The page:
It's their own damn fault.
If they'd just get out there and pick them, the lazy sods, they wouldn't be poor would they.

Affects the poor more when alcohol, cigarettes and McDonalds go up

Low interest should help inflation but does it.

All it does is pump up asset price.

May be to control housing bubble may come with LVR to try and curb speculative demand.

I think we've seen enough now over the decades to say it could well be a false narrative/philosophy.

According to the ANZ economist, what we need now, really really need now, IS MORE STIMULUS.

Is that so? What she means is that we need more cash pumped into the overheated property market. That's fine for all of us lucky enough to be property owners, but not so good for everybody else. It occurs to me that we need more fruit pickers and fewer economists.

Funny that eh - bank economists are sounding more and more like used car salesman. Got to keep selling that debt!

Anyone know what the typical bank econ gets paid?

I hear it is surprisingly low,($120K - 200K?) but the more you think about it the less surprising it actually is.

Chief economists north of 200k

Half of small business in Europe may not survive..... Bloomberg News

Inflation. When you have to pay more for stuff. And these clowns think this is a good thing.
And the media or politicians don’t challenge it.
Tax by stealth as warren Buffett points out.

... the politicians set the target

Inflation of basic necessities like food, so that the poor will become poorer.
Inflation of assets, so that the rich will become richer.
Thanks to the RBNZ, we can now get them both for free. So a bunch of unelected bureaucrats at the helm of the RBNZ can freely wreck the social fabric of this country and trade what is left of our real economy for a gigantic Ponzi housing scheme (with all the associate risks of a dangerously unbalanced economy and compromised financial stability)... and nobody complains about it, including the Government.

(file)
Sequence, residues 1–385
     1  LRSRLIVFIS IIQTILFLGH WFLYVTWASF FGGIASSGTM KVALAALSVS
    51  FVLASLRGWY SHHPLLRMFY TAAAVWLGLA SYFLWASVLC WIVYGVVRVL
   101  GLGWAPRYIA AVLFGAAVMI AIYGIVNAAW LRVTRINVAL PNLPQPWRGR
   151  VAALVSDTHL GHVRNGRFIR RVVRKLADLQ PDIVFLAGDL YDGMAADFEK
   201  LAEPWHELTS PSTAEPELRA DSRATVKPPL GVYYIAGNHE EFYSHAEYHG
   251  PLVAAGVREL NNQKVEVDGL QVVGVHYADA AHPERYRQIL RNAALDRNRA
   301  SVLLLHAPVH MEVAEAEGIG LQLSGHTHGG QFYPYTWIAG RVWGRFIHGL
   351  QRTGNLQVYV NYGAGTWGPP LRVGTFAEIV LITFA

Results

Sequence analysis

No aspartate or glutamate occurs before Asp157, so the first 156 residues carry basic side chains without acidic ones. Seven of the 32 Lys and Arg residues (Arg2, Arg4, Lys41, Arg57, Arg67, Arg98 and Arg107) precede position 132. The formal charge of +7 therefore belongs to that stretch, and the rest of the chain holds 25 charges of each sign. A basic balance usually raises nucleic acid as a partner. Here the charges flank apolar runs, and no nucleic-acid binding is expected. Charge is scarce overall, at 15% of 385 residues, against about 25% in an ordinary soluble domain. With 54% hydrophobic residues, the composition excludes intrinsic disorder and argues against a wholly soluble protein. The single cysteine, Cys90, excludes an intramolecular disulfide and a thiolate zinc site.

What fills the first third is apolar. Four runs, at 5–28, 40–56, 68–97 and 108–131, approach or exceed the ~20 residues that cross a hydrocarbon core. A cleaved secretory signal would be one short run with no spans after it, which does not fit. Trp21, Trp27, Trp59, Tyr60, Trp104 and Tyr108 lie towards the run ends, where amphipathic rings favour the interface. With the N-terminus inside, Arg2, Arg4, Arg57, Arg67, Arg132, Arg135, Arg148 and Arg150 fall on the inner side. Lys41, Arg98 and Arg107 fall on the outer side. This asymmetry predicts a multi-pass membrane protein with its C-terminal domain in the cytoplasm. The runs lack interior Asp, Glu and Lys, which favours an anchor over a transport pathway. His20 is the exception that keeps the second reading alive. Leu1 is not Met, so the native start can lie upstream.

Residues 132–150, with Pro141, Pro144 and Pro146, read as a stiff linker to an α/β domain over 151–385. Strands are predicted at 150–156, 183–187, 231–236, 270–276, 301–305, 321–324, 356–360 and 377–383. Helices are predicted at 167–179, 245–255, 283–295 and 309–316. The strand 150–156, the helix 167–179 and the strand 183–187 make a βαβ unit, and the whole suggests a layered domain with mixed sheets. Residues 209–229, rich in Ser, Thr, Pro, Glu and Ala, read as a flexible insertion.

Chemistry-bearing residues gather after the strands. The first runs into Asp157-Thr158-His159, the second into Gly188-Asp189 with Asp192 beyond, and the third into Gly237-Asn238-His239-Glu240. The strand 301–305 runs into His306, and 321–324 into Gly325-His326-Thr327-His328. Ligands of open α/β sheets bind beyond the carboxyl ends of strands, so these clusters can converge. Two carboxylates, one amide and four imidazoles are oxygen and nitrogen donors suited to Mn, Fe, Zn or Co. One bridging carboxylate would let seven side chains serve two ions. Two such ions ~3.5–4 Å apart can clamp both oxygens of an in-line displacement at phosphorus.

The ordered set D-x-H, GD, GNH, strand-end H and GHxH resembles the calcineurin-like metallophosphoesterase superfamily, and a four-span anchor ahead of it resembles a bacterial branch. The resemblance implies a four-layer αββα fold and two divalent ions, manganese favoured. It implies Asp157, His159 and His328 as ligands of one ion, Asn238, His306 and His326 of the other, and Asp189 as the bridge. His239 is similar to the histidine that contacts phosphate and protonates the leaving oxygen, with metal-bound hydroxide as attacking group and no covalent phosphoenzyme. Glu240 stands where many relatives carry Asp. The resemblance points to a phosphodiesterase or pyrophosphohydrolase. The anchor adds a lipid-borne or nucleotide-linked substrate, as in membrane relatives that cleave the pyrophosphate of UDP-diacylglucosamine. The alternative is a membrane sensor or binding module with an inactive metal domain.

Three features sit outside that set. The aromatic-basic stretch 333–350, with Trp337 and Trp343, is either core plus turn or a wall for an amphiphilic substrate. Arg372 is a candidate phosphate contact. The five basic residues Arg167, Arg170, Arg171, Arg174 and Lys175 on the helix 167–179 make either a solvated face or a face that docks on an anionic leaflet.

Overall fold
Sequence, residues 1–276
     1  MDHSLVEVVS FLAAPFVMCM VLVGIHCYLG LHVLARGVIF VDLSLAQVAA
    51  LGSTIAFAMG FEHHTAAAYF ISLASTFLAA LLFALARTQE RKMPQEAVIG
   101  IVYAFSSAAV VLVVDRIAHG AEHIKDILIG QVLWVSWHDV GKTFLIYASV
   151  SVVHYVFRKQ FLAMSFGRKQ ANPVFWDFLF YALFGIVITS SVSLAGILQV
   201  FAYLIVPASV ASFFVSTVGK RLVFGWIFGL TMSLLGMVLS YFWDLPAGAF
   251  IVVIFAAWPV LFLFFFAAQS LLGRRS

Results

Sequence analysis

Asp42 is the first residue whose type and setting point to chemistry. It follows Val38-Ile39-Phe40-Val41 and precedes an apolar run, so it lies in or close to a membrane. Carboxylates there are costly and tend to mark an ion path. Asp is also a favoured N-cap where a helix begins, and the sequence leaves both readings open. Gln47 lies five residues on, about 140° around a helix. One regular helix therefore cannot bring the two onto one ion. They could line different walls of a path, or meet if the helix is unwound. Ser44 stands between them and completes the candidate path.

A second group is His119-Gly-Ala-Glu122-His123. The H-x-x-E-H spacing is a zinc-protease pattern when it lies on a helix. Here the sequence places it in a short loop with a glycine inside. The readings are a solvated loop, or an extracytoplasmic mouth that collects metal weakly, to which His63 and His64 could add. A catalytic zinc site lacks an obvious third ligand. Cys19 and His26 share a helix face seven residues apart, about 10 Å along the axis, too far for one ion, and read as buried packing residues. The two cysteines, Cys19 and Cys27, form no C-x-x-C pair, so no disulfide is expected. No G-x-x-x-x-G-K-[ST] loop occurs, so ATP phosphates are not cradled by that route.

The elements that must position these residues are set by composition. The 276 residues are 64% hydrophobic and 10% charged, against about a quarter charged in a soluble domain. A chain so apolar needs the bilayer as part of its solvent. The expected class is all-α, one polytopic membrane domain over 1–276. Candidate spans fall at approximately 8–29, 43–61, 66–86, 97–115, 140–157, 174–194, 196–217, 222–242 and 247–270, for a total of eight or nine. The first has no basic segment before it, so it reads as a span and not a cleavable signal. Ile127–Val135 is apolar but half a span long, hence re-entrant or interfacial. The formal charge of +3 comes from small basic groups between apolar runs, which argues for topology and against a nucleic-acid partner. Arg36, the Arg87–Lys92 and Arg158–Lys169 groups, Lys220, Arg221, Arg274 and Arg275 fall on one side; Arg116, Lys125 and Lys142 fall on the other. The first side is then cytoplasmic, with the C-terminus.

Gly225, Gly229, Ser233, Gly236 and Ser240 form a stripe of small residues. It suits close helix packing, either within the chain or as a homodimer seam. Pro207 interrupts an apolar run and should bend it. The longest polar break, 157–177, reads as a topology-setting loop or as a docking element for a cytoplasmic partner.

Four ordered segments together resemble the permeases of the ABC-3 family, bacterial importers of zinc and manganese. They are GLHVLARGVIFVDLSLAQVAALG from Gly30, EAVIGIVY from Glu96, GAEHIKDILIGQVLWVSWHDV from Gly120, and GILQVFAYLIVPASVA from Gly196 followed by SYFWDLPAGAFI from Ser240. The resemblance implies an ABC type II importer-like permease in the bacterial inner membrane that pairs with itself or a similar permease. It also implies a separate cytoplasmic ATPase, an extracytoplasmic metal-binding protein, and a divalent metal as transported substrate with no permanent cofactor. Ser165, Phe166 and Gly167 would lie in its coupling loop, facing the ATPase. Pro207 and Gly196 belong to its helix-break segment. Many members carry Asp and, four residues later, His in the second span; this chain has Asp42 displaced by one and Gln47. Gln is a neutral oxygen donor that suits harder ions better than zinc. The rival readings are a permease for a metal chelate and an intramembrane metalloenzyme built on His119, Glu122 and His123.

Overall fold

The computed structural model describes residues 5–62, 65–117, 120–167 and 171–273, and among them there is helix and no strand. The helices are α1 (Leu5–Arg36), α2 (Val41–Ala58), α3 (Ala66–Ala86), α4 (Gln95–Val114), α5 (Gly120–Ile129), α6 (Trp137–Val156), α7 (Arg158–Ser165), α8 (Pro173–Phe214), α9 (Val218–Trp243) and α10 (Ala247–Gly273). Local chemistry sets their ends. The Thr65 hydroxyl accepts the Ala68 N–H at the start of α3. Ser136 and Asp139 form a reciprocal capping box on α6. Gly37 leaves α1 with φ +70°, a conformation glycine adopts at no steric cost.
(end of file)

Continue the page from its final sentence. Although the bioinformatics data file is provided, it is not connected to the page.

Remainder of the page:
QE works just look at Japan and EU
Just do some more
More stimulus blah blah

The measure of inflation is clearly flawed.

The measure of inflation is clearly flawed.

In short more stimulus to push shares and housing prices up.

Well RBNZ has made its intention clear so not surprised as will find some reason to inflate the ponzi.

Anyway for them inflation is low but when one goes to the supermarket or any shopping ends up paying much more than than before and they say is low. Critearea to measure inflation has been to suit whom.

No rate cut. 0.7 % is going to push to 3%. Believe diesel kilometers registration did go up 5.7% on July 1.

In Healthcare, medicine - the training is to use many tools necessary, sometimes contradict treatment but there's always the reason for it. Clearly the current RBNZ team is a predictable bunch, their approach is precisely what Mr. Orr stated in the early stage of worldwide pandemic.. becoming knee jerk reactionary. The team has the lever power to put things up, down, sideways, suspends, revoke, reinstate, stern warn the market, spook it. You name it, be creative - 2021 will be the year of striking for most Kiwis, simply will stop to support the top economic tier, pretend to be kind? yip, some of those young already pretend to do QR scan. No confidence in the policy started to bite.

Does this sound I always say....history repeats itself....and so do Politicians and Bankers.
Screw you Jack...I am alright is their motto....Unfortunately.

If the General Public have not woken up yet and found due cause for imprisonment, it serves them jolly well Right...and the Left is just as bad.

Theft is the only name for the scams of inflating away your debt for the Rich Tossers who have thrown you a bone to pick at.. while they sit all high and mighty and lawd it for a Knight Hood, or a Dame Hood. HOod used to be what a Gang Hang Out was appropriate is that.?? Wakey Wakey World....All change, no change as they stole your coins and made a mint.....for yet another term. Middle for Diddle, is another.